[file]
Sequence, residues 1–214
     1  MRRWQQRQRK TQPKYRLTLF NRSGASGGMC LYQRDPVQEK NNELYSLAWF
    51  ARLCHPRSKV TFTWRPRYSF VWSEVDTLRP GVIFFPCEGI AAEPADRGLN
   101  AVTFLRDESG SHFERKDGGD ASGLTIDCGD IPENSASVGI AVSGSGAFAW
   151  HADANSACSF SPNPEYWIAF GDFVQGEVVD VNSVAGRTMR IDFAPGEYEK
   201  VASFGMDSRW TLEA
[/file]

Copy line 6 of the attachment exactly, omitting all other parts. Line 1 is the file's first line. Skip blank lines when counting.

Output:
   201  VASFGMDSRW TLEA